Just the Facts
Five Facts on the U.S. Imposing Sanctions on Russia to Punish the Attempted Murder of an ex-Spy
By No Labels
August 9, 2018 | Blog
On Wednesday the U.S. State Department announced it would impose strict sanctions on Russia as punishment for the attempted murder in the United Kingdom of former Russian intelligence agent, Sergei Skripal. Here are five facts on the most recent round of U.S. sanctions on Russia.
The new sanctions are in response to Russia’s use of a nerve agent in an attempt to kill a former Russian double agent, Sergei Skripal, and his daughter
In March, the two became seriously ill after being exposed to a Soviet poison called Novichok near their home in Salisbury, England. While their poisoning was not fatal, British civilian Dawn Sturgess passed away after inadvertently being exposed to the nerve agent weeks later. While Moscow denies responsibility for the attack, U.S. State Department spokeswoman Heather Nauert stated they had determined that Russia “has used chemical or biological weapons in violation of international law.”
The newest sanctions on Russia will be imposed later this month and will roll out in two tranches
The first tranche is generally considered to be less severe and targets U.S. exports of national security related goods. Many of these items, however, have already been banned through previous action. The second set of sanctions will be a more direct blow to Moscow. They will be activated after 90 days if Russia fails to downgrade their usage of chemical weapons and permits the United Nations to conduct on-site inspections of chemical facilities. Officials in Washington have mentioned this round of sanction will significantly strain U.S.- Russia relations, cut off many of their key exports and imports, and prohibit the Russian Federation’s airline, Aeroflot, from flying into the United States.
The Russian Embassy in Washinton, D.C. responded to these sanctions in a statement calling them “draconian”
The embassy continues to deny Russian involvement in the poisoning, accusing the Trump administration of “far-fetched accusations” and asking for proof of their participation in the crime. The embassy said that the “American side refused to answer [their] follow-up questions, claiming that the information is classified…We grew accustomed to not hearing any facts or evidence.” Additionally, a Russian Foreign Ministry spokeswoman called the sanctions another American attempt to “demonize Russia.” President Putin’s spokesman Dmitry Peskov also stated that the restrictions violate international law and undermine the diplomatic progress made between the two countries last month.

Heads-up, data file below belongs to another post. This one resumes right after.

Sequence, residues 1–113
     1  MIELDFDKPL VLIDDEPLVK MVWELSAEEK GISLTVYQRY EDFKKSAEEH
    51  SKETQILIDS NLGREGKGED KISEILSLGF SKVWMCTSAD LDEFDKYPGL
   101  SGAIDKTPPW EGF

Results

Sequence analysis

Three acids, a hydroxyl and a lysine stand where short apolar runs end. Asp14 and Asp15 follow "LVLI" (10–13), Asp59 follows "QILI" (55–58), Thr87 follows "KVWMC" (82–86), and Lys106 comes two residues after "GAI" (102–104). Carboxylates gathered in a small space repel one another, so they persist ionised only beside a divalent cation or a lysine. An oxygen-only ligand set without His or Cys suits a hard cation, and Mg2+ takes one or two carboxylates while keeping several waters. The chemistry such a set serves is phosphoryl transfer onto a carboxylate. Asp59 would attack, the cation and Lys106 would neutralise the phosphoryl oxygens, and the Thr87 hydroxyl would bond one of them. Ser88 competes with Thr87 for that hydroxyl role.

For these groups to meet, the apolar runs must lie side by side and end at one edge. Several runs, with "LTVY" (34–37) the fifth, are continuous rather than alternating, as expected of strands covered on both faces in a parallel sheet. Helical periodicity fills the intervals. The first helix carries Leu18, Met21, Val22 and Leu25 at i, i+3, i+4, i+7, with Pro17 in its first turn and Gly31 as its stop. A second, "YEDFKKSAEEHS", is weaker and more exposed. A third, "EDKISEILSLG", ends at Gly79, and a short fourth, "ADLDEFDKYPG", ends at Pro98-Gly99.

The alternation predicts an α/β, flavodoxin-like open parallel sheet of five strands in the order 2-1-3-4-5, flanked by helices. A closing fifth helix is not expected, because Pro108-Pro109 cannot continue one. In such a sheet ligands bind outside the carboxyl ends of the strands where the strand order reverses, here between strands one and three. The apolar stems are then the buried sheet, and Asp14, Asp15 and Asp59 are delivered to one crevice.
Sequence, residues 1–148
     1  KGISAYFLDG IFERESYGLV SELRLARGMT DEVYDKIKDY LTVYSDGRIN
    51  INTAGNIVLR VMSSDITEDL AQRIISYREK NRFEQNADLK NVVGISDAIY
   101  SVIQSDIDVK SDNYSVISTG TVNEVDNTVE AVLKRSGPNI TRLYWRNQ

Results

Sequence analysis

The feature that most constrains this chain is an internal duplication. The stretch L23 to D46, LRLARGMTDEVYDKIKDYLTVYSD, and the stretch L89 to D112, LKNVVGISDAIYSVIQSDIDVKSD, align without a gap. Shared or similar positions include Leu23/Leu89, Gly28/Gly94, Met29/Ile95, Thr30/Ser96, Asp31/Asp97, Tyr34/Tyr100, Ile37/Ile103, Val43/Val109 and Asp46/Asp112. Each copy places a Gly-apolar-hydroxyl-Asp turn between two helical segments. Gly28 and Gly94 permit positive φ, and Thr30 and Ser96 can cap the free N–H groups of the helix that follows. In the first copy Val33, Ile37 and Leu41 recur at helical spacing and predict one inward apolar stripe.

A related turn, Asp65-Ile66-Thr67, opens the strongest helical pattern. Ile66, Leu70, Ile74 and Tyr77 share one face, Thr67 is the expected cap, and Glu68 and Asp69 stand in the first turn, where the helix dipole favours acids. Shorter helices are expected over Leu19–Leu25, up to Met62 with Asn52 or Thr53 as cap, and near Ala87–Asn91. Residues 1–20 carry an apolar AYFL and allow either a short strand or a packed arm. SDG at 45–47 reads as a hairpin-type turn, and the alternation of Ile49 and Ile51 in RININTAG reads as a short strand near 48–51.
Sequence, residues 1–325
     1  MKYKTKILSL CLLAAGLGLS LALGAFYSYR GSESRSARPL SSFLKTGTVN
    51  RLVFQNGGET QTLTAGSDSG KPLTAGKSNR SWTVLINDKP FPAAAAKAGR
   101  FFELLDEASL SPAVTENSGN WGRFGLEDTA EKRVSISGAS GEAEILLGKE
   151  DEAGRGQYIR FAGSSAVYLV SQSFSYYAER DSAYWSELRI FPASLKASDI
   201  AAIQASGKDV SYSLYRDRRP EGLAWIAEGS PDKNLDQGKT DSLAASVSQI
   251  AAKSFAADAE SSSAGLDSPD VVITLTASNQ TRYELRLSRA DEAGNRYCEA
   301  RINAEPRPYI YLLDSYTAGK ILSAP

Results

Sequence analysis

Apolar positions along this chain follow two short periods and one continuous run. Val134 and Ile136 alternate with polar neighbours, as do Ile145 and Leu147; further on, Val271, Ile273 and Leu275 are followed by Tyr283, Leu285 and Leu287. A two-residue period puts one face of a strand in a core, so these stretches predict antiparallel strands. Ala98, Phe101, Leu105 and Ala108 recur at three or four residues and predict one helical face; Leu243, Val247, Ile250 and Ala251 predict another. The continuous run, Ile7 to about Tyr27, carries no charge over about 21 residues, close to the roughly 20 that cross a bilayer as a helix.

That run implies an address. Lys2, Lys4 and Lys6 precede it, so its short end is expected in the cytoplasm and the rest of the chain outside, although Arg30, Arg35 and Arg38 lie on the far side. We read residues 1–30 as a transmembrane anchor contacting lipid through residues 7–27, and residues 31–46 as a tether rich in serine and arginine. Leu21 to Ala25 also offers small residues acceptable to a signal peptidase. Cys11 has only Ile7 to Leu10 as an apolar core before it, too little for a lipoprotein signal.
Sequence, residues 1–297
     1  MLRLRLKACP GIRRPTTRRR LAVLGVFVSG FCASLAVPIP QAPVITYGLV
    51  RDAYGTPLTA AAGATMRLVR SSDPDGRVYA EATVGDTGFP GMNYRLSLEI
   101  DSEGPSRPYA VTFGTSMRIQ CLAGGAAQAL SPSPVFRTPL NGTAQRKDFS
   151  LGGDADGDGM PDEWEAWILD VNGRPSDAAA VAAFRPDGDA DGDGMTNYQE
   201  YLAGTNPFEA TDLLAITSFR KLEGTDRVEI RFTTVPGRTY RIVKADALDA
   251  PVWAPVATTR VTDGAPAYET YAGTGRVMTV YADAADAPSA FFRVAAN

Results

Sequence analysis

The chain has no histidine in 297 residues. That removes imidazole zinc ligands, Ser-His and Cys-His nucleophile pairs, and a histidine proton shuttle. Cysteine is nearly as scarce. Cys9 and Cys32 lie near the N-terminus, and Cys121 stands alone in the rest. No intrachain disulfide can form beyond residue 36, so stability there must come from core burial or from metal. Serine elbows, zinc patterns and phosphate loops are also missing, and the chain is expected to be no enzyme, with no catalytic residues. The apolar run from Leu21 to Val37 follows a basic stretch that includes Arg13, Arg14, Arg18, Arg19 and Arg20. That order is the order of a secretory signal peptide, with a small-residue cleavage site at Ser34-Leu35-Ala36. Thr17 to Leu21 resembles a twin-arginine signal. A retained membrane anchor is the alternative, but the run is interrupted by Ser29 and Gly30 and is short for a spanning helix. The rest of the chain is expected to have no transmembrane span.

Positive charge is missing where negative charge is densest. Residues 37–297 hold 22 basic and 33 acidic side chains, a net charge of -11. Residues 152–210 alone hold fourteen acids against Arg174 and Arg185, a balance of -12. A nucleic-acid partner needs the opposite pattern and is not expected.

The sanctions have already had an effect on the Russian economy
The Russian stock market fell today and the value of the ruble, Russia’s currency, has plummeted, hitting a two-year low. The biggest projected impact from the first round of sanctions is from a “ban on granting licenses to export-sensitive national security goods to Russia,” which include digital devices and aviation equipment. This measure could potentially cause Russia to lose hundreds of millions of dollars in future exports. The second tranche of sanctions would halt virtually all trade between the U.S. and Russia. Russia’s Minister of Finance, Anton Siluanov, struck a defiant tone in responding to the sanctions, stating, “The Russian economy … in recent years has become much more resilient to external effects.”
U.S. sanctions against Russia could get even more extreme with the introduction of the bipartisan “sanctions bill from hell” in the Senate
S.3336, which was introduced by Sen. Lindsey Graham (R-SC) and co-sponsored by Sen. Robert Menendez (D-NJ), calls on President Trump to widen the scope of the sanctions to include almost all Russian energy projects and to prohibit Western companies from any involvement in the country. The legislation would also increase measures to protect against cybercrime and would seek to require a two-thirds majority in the Senate for the U.S. to leave NATO.